Mortgage activity in Shelby County began 2013 by shifting into a higher gear, but someone tapped the brakes in February.
Total mortgage volume countywide had started the year showing double-digit percentage growth over the same period one year earlier. But in February, volume was up just 1 percent over the same month in 2012.
Mortgage volume climbed to a little more than $63 million in February from $62.7 million the same month a year ago, according to real estate information company Chandler Reports, www.chandlerreports.com.
Despite that barely perceptible uptick in volume, there were actually 15 percent fewer mortgages last month (404) than February 2012 (473). But the average mortgage amount rose to $156,544 last month from $132,649 in February 2012.
As with the drop-off in actual mortgages year over year, there also were fewer mortgages made in February than in January (624). Meanwhile, all that mortgage activity basically is in line with the pattern in the county’s broader housing market, which saw stagnant new home permits in February versus one year earlier as well as a decrease in home sales.
Shelby County homebuilders filed 70 permits in February according to Chandler, versus 72 permits filed in February 2012.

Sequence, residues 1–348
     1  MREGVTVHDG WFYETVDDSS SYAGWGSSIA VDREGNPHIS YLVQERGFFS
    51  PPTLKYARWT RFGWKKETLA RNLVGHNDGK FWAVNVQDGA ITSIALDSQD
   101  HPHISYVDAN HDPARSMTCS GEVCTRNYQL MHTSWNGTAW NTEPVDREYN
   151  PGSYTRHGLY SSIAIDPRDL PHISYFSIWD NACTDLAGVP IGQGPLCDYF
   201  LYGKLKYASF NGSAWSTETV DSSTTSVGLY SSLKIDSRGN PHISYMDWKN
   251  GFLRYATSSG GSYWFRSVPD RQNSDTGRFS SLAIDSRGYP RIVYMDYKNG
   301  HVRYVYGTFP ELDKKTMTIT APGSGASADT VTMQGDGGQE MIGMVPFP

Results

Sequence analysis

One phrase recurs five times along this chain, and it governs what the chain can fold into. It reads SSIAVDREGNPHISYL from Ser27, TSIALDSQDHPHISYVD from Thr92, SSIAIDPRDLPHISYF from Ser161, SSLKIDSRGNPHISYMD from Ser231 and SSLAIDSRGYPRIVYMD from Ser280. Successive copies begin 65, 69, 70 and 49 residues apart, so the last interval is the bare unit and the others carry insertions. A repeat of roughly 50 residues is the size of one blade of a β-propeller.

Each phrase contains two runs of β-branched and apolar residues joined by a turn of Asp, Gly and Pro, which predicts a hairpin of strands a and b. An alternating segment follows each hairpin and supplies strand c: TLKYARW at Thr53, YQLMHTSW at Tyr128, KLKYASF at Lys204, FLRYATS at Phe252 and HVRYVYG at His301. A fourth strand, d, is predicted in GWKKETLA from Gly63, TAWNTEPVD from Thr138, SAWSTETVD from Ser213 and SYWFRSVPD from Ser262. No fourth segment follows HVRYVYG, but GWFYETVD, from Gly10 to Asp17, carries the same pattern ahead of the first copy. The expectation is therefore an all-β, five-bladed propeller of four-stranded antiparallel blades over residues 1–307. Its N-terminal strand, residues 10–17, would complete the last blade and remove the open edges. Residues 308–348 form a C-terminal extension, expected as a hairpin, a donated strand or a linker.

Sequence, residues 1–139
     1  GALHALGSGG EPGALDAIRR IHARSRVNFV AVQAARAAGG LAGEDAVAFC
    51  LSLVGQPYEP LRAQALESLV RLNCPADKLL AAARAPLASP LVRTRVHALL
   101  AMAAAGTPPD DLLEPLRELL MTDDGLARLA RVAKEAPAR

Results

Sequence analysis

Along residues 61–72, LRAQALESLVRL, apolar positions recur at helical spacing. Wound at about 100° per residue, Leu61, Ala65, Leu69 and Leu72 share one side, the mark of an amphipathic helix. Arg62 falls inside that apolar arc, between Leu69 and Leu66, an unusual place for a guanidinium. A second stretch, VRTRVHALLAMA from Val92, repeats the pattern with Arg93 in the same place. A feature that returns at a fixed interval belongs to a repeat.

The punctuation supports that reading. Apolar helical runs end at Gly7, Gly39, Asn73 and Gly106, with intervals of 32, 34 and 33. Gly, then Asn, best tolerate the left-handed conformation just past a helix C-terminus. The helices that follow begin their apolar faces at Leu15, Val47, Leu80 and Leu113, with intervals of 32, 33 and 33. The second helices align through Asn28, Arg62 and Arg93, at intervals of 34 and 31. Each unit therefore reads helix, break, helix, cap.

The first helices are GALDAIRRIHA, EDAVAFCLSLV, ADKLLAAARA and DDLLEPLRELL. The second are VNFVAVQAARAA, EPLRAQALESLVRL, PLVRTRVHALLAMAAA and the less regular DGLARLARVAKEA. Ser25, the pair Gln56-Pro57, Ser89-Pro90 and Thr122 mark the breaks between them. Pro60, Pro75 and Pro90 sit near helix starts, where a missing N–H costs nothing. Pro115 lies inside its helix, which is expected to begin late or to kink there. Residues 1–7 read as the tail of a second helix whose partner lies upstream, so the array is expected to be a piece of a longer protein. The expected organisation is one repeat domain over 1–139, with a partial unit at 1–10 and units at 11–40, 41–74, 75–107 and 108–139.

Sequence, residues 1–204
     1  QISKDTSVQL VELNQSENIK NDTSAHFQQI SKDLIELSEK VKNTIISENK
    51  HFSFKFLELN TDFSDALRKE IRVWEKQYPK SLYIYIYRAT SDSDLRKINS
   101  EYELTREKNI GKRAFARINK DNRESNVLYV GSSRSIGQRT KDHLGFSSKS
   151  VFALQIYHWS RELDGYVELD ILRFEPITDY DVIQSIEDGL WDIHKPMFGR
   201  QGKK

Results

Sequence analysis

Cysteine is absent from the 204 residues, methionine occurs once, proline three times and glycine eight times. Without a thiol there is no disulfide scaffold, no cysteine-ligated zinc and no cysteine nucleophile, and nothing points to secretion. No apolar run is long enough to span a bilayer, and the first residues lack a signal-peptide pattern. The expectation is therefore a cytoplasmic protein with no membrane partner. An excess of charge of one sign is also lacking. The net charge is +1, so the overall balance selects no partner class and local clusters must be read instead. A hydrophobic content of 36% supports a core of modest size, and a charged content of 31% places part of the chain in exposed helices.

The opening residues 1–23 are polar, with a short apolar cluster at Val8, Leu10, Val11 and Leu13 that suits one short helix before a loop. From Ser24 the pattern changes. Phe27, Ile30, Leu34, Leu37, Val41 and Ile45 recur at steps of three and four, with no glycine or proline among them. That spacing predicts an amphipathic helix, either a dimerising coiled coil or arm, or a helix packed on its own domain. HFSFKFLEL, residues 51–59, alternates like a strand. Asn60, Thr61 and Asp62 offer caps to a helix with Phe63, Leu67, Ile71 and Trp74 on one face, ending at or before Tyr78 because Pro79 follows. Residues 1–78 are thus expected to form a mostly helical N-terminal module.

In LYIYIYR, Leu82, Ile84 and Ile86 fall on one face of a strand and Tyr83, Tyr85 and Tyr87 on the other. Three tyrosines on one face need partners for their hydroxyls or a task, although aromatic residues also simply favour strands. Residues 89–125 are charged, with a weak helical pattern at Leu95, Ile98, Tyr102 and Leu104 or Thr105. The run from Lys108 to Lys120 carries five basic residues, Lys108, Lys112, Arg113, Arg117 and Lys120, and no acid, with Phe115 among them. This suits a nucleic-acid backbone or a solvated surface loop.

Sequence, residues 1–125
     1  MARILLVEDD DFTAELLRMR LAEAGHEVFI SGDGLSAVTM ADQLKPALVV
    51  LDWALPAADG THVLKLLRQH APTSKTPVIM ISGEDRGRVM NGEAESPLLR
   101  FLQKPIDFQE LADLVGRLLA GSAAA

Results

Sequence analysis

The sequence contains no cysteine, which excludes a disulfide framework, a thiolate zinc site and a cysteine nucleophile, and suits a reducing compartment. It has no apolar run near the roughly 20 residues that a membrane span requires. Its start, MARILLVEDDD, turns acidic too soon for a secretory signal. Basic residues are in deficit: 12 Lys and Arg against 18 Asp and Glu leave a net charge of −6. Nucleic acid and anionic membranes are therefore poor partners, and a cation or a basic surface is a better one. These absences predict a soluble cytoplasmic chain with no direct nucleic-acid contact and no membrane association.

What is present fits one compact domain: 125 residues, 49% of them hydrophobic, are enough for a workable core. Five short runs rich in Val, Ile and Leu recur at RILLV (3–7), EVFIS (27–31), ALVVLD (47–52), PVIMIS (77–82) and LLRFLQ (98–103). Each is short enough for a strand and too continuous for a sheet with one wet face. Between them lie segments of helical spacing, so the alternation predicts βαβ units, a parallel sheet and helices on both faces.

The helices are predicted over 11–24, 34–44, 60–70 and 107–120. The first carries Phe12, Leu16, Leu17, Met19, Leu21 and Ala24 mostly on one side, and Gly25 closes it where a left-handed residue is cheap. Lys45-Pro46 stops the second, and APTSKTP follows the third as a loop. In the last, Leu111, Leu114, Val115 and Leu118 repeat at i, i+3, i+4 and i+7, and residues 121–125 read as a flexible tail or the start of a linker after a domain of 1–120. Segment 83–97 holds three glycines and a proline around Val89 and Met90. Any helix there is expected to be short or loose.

Builders sold 39 new homes in February, compared with 43 sales in February 2012.
David Umsted, vice president and mortgage loan officer with Merchants and Planters Bank Home Loans, said the trend his bank is seeing reflects a slight decrease in refinance loan demand locally but a corresponding increase in purchase loans.
“Housing inventory seems to be low in certain segments of Shelby County, so we are seeing buyers get off the fence,” he said. “I have seen multiple competing offer situations with buyers we are arranging financing for. There has also been a slight shift away from FHA loans and more buyers are choosing conventional loans.
“FHA is raising their mortgage insurance premium once again on case numbers ordered on or after April 1. We will see additional changes with the FHA lending program in June that will continue to push qualified borrowers towards conventional loans.”
A newly released report from the Federal Reserve Bank of St. Louis gives more clarity into the economic picture in the Memphis area. The Fed’s latest Burgundy Book shows that home prices across the area were “fairly flat, noticeably less than the nation’s 7.1 percent increase.”
Also, loan delinquency rates for banks in the Memphis area were similar to other U.S. peer banks, though there was healthy improvement in asset quality reported by Arkansas and Tennessee banks. The Fed report goes on to note that, for the most part, bankers in the area continued to see soft loan demand.
Related to local mortgage activity, the results at some of the largest Memphis-based banks reflect a mixed bag. First Tennessee Bank’s February mortgage volume, for example, was almost $1.7 million, up from $961,230 in February 2012.
At the same time, Independent Bank’s mortgage volume fell during that period (to $403,300 from almost $1.2 million). And Magna Bank’s volume also fell, to about $4.3 million from $5.8 million. Community Mortgage Corp. led the way during February in terms of mortgage volume. Its February volume was $7.9 million, almost unchanged from $8 million in February 2012.
Chandler Reports is a division of The Daily News Publishing Co. Inc.